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Malar J. 2010; 9(Suppl 2): P29.
Published online 2010 October 20. doi:  10.1186/1475-2875-9-S2-P29
PMCID: PMC2963269

The levels of CD16/Fc gamma receptor III A on CD14+CD16+ monocytes are higher in children with severe Plasmodium falciparum anemia than in children with cerebral or uncomplicated malaria


Fc gamma receptor IIIA (CD16/FCγRIIIA) on monocytes/macro-phages may play an important role in the pathogenesis of severe malarial anemia (SMA) by promoting phagocytosis of IgG-coated uninfected red cells and by allowing the production of tumor necrosis factor alpha (TNF-α) upon cross-linking by immune complexes (ICs). However, not much is known about the differential expression of this receptor on monocytes of children with severe malaria and uncomplicated malaria.

Materials and methods

We investigated the expression of CD16/FCγRIIIA on monocytes of children with SMA, cerebral malaria (CM), and their age-matched uncomplicated malaria controls by flow cytometry. Since CD14low (CD14+) monocytes are considered more mature and macrophage-like than CD14high (CD14++) monocytes, we also compared the level of expression of CD16/FCγRIIIA according to the CD14 level and studied the relationship between CD16/FCγRIIIA expression and intracellular TNF- production upon stimulation by ICs.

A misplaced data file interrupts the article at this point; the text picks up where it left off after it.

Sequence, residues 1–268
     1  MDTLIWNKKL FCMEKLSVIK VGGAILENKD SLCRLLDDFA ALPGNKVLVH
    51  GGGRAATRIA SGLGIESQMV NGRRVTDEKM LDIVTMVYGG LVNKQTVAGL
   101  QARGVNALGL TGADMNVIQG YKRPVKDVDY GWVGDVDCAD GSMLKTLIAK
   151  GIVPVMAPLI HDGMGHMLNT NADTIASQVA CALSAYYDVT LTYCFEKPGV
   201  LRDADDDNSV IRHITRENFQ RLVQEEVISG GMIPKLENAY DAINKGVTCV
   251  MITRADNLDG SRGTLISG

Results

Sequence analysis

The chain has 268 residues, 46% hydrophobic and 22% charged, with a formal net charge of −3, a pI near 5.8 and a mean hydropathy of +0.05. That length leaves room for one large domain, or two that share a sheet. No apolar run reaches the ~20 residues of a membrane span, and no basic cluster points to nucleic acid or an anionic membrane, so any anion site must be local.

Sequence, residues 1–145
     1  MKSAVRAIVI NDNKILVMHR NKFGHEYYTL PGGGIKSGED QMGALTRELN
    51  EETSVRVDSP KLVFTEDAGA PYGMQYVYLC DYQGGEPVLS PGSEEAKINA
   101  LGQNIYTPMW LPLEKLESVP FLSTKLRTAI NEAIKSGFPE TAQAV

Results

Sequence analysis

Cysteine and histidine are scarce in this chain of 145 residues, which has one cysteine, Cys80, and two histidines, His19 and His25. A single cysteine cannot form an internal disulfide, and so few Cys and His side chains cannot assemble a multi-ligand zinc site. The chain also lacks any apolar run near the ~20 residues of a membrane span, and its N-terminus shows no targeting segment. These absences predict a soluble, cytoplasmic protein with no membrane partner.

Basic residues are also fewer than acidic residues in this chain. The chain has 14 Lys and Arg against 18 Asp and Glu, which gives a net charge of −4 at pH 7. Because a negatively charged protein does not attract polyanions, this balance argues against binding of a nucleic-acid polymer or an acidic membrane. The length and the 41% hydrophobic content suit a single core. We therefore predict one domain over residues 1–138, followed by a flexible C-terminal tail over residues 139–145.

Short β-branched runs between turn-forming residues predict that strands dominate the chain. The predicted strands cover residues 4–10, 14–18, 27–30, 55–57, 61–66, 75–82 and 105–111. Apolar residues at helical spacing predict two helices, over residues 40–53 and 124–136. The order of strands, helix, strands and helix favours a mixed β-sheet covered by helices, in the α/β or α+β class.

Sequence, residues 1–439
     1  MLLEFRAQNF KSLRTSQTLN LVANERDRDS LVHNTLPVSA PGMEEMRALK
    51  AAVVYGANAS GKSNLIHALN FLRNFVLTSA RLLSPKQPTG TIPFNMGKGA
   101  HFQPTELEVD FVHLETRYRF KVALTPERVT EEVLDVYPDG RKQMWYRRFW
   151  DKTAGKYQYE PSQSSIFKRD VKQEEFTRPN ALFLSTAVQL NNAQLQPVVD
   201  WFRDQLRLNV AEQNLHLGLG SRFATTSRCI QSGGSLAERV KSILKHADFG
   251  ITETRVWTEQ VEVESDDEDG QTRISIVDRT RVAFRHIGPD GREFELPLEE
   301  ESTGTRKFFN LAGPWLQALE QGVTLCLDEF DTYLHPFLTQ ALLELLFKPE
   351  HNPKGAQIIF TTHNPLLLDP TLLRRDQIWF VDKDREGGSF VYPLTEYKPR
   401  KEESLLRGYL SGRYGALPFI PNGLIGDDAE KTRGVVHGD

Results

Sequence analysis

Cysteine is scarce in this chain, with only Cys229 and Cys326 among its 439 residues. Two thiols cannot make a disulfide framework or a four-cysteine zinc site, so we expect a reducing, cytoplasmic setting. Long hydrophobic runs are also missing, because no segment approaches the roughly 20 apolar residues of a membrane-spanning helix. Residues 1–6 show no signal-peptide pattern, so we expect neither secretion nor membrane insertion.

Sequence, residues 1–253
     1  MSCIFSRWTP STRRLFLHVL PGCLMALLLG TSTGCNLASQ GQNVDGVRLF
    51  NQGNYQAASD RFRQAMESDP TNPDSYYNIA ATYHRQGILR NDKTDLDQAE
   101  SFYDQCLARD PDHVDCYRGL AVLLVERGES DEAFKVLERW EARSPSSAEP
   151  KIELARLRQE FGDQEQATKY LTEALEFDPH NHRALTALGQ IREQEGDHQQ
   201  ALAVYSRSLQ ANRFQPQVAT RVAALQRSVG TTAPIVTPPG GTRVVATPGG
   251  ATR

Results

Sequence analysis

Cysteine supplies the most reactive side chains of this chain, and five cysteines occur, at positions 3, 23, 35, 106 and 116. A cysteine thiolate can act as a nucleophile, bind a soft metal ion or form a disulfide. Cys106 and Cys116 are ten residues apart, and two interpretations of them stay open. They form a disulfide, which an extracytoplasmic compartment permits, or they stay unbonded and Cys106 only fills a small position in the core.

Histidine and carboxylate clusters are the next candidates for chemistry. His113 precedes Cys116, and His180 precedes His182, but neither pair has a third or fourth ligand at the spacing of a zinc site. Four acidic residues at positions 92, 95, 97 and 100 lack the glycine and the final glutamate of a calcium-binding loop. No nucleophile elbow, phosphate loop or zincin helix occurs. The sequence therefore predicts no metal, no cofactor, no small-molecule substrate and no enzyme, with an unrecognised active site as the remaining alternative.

CD16/FcγRIIIA expression was the highest overall on CD14+CD16+ monocytes of children with SMA at enrollment. At convalescence, SMA children were the only ones to show a significant decline in the same parameter. In contrast, there were no significant differences among groups in the expression of CD16/FCγRIIIA on CD14++CD16+ monocytes. A greater percentage of CD14+CD16+ monocytes produced TNF-α upon stimulation than any other monocyte subset, and the amount of intracellular TNF-α correlated positively with CD16/FcRIIIA expression. Furthermore, there was an inverse correlation between hemoglobin levels and CD16/FCγRIIIA expression in children with SMA and their controls.


These data suggest that monocytes of children with SMA respond differently to Plasmodium falciparum infection by overexpressing CD16/FCγRIIIA as they mature, which could enhance erythrophagocytosis and TNF production.


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